Let me be clear. I’m not saying that traveling on a Short-Term Mission experience is necessarily bad. I lead college students on a trip to Haiti every year. I believe in these trips when handled with care and wisdom. Sometimes, these trips are a fruitful next-step in engaging the Mission of God after Christian compassion is awakened. Many, many, many people who do very fruitful things long-term began with a week-long trip. When led rightly, these endeavors can be helpful. I really believe this. As of now, I’m not a “cancel-all-your-short-term-trips” guy.

But we need to be wise and ask some good, hard questions. I’ll propose a few.

1. If Short-Term experiences are primarily about the goers (debatable, I know), about their crossing a tier within Christian discipleship (dangerous thinking, I know), should we talk about them, evaluate them and promote them differently?

2. Can we have these conversations? Make trip goers aware of this phenomenon?

3. In our training, can we include content on how to appropriately use a camera on a trip? Can we talk about how to appropriately share the photos and videos from trips via social media?

4. Can we always, always, always, always insist that the folks on the ground lead us, set the agenda, set the parameters? Can we follow their lead?

5. Can we ask hard questions before we spent the token day sight-seeing or relaxing? Our hosts will often desire to extend us this kind of hospitality, but can we think really carefully about it first?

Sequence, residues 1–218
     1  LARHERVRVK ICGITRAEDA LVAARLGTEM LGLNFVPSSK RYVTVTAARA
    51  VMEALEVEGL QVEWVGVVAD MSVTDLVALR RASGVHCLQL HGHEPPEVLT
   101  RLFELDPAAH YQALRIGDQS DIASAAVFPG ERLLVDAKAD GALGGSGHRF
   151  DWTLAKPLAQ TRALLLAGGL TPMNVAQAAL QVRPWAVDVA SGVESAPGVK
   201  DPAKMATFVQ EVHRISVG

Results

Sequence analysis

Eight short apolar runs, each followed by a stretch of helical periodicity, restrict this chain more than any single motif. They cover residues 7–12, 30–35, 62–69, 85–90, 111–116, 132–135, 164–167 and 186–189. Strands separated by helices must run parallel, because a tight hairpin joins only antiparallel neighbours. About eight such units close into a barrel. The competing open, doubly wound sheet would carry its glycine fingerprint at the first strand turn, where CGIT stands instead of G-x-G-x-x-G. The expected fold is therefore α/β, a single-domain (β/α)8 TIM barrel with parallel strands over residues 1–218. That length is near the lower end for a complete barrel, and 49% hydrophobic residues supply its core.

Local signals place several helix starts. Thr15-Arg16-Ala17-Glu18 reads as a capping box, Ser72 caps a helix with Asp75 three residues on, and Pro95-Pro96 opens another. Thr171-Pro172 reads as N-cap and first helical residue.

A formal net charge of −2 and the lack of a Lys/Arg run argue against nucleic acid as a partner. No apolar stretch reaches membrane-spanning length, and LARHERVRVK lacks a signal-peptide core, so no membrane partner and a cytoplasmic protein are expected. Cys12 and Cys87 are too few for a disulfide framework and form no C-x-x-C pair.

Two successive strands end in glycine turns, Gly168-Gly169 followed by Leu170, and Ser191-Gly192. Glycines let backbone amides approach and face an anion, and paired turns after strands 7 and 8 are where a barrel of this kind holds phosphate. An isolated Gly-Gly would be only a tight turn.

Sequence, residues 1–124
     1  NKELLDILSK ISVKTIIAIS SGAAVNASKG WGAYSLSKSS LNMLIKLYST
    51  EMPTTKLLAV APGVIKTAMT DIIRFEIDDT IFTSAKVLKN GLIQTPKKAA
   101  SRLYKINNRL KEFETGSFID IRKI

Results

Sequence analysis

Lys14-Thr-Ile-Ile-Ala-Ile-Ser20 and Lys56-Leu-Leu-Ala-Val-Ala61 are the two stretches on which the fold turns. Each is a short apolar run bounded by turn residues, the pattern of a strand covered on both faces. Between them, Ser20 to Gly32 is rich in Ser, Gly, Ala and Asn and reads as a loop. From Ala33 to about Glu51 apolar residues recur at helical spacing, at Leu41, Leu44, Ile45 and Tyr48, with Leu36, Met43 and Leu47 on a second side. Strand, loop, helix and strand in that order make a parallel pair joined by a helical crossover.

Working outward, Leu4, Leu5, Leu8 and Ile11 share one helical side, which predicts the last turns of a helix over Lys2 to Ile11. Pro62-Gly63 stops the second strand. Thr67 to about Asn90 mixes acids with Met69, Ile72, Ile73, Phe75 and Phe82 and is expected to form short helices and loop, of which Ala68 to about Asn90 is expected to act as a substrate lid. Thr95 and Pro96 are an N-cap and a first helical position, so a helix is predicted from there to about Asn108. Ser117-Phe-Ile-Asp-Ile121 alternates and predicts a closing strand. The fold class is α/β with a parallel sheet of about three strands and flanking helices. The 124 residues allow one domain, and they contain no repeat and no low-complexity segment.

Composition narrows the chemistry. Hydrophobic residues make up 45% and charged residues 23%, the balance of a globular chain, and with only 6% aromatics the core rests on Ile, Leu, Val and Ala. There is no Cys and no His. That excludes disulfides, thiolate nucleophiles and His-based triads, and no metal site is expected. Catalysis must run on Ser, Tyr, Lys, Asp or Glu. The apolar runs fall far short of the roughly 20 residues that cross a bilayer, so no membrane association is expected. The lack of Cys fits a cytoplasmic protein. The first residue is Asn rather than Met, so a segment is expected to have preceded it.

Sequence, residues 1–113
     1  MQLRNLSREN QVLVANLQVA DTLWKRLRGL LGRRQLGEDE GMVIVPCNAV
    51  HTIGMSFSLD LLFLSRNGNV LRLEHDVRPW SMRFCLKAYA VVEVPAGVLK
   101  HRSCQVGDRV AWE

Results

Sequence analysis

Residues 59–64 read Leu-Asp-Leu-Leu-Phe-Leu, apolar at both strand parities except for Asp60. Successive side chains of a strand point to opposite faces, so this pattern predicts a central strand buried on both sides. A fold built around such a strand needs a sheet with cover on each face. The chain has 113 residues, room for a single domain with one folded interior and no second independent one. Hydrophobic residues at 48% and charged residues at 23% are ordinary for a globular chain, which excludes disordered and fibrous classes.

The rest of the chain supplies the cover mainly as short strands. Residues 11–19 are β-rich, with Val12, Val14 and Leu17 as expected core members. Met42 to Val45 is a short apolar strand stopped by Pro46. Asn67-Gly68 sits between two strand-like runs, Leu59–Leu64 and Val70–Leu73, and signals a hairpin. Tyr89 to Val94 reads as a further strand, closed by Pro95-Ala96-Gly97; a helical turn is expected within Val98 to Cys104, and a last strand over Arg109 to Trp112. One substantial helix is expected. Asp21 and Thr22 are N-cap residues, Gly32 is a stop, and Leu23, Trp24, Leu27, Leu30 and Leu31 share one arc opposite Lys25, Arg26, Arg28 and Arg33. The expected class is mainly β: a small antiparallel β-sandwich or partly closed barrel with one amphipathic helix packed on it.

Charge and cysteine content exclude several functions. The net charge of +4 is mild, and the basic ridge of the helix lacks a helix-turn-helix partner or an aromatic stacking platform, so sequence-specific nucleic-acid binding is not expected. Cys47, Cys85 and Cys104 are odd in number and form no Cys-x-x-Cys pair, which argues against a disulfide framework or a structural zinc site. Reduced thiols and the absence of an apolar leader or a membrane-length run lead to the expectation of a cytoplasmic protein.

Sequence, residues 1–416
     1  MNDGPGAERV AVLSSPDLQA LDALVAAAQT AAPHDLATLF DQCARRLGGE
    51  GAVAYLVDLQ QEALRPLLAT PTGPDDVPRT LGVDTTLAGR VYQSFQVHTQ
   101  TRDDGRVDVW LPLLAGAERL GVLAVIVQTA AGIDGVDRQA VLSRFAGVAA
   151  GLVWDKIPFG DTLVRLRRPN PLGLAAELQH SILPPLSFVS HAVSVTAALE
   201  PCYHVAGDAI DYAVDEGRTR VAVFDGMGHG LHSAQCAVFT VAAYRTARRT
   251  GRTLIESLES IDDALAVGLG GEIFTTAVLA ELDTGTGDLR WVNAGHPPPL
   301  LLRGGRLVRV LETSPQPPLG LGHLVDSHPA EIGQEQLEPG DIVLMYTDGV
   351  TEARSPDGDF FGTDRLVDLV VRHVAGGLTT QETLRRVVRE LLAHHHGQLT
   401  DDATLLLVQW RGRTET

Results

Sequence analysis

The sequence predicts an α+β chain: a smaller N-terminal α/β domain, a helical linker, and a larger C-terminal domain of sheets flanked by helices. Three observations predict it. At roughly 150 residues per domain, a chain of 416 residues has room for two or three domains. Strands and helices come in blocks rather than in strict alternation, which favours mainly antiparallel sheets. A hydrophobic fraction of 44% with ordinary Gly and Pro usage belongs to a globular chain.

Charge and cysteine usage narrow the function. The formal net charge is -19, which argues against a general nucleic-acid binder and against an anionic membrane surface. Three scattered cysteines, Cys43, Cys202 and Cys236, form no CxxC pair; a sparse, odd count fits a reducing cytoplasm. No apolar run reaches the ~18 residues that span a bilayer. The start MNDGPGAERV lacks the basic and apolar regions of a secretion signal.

6. Can we institute NMTSPs? That’s right, No Matching T-Shirt Policies. Just saying.

Again, let’s lead, push, challenge, prompt, shepherd, encourage.

The Process of Missional Engagement (Part 2)

25 Jun Joel Busby
June 25, 2012

(Want to remind everyone that so much of the writing we do at Hopeful Realism belongs in the thinking-out-loud category. Perhaps my posts especially…)

“Those people…bless their heart. Poor things. And, bless your heart. That’s so nice of you to go help them.”

We come to our first paradigm or framework or approach to Mission.

The sound-byte above might seem over-stated. It is. I’ve made it sound worse than it is for heuristic purposes. But, as Mandy and I prepared to spend 3 months in Haiti in 2008, thoughts very much like this were expressed. Sincere, well-meaning, and well-intentioned people thought that “those people” needed “help” or “the gospel” or something, and that we were the ones to take it.

In this framework, mission is fundamentally a demonstration of pity. Short-Term Mission Trips, when executed thoughtlessly, can serve to cement this paradigm solidly in hearts and minds.

At best, this thought pattern is an inkling, or even an awakening, of genuine Christian compassion. At worst, it’s a toxic notion that re-enforces all kinds of wrong ideas about participation in the Mission of God.

A lot is assumed and implied in the “Bless their heart. Bless your heart” framework. I thought of at least 8 issues (I know there are more here than I can think of at the moment).

  1. “Those people” are primarily objects of our charity. They are recipients of our good graces. They standby, awaiting our kindness.
  2. “Those people” are played against “us.” There is an assumed categorical distinction. Though all evidence indicates a distinction between “us” and “them,” we must seriously lean against such thinking.
  3. Ultimately, people in other places are to be pitied. No one likes to be pitied, by the way.